In the sixteenth century, as it is now, the Burren, on the western seaboard of Ireland, was a land of gray stone forts, fields of rich green grass, and swirling mountain terraces. It was also home to an independent kingdom that lived peacefully by the ancient Brehon laws of their forebears.
On the first eve of May, 1509, hundreds of people from the Burren climbed the gouged-out limestone terraces of Mullaghmore Mountain to celebrate the great May Day festival, lighting a bonfire and singing and dancing through the night, then returning through the gray dawn to the safety of their homes. But one man did not come back down the steeply spiralling path. His body lay exposed to the ravens and wolves on the bare, lonely mountain for two nights . . . and no one spoke of him, or told what they had seen.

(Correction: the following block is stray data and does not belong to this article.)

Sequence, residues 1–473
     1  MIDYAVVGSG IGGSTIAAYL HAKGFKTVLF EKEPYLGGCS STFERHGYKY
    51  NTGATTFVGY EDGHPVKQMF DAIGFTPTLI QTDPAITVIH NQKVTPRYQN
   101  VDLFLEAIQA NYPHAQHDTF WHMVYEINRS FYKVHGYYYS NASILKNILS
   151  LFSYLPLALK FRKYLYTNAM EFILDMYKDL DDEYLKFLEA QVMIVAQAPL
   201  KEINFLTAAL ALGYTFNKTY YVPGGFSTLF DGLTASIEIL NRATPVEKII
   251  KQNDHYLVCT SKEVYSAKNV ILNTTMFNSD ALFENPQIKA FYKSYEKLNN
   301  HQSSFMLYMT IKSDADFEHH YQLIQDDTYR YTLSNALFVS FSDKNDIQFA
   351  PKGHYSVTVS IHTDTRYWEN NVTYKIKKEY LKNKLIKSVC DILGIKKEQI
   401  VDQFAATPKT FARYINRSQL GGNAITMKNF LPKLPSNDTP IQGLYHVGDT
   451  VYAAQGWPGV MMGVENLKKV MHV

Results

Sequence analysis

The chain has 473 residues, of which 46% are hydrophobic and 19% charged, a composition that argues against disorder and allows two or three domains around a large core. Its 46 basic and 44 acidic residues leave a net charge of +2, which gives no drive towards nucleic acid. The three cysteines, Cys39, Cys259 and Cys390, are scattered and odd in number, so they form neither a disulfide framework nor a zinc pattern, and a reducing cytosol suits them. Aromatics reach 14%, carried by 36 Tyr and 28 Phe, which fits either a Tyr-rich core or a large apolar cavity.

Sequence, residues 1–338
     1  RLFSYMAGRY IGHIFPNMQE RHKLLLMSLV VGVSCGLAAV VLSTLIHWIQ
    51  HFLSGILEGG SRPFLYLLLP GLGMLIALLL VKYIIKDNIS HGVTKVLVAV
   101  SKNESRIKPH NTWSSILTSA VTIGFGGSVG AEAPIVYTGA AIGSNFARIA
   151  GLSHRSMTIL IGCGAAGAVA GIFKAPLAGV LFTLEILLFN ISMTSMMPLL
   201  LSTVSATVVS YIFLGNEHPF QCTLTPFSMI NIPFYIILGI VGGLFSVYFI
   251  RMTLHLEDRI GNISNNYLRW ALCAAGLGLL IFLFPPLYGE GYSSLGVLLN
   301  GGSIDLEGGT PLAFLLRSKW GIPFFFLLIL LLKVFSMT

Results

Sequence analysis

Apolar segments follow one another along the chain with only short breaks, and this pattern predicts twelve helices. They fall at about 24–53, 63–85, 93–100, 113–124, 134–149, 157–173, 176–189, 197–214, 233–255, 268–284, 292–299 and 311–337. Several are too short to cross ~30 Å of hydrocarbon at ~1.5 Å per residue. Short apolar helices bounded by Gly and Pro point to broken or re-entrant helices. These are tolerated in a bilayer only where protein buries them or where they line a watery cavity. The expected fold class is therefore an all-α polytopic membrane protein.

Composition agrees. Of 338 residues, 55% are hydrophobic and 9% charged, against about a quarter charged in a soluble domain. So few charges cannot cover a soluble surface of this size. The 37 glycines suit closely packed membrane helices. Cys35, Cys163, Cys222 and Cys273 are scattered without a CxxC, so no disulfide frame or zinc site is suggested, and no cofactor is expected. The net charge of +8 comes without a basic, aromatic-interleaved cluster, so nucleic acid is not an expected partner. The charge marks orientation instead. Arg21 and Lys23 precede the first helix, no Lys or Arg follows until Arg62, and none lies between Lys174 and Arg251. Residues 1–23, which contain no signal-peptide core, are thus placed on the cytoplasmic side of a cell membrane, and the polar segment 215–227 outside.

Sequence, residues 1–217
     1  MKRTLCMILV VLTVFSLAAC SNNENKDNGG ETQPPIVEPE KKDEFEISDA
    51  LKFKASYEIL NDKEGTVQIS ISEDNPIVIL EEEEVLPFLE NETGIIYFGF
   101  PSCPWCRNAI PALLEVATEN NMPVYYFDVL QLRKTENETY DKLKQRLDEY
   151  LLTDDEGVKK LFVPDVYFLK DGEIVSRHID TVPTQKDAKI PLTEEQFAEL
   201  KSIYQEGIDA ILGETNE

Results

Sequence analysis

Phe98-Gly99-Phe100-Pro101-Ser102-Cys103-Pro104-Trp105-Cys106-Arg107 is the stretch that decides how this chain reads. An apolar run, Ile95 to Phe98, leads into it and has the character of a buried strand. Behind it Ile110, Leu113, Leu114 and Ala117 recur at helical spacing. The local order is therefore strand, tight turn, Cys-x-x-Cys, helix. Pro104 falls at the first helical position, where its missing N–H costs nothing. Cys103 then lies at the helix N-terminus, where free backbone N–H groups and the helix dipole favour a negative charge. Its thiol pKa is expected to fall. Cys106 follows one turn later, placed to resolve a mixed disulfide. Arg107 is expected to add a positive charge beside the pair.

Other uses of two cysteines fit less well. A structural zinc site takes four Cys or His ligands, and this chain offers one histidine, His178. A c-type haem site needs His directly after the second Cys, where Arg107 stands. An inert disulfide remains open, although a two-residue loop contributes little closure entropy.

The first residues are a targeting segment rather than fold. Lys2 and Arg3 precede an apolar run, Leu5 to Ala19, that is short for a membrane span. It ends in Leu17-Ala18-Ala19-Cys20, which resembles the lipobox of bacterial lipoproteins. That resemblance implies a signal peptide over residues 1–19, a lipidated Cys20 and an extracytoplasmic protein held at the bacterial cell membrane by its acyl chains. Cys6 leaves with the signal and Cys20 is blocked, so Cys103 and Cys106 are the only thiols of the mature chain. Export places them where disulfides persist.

And when Mara, a woman appointed by King Turlough Don O’Brien to be judge and lawgiver to the stony kingdom, came to investigate, she was met with a wall of silence . . .